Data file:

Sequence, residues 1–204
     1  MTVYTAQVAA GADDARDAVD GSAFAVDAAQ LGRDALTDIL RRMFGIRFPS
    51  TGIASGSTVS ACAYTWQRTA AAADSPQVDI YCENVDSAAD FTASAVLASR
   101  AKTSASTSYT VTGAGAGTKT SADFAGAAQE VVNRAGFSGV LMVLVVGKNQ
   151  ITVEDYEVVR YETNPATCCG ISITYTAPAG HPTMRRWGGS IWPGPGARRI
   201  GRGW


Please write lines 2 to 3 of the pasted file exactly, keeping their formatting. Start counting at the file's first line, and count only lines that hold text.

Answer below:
     1  MTVYTAQVAA GADDARDAVD GSAFAVDAAQ LGRDALTDIL RRMFGIRFPS
    51  TGIASGSTVS ACAYTWQRTA AAADSPQVDI YCENVDSAAD FTASAVLASR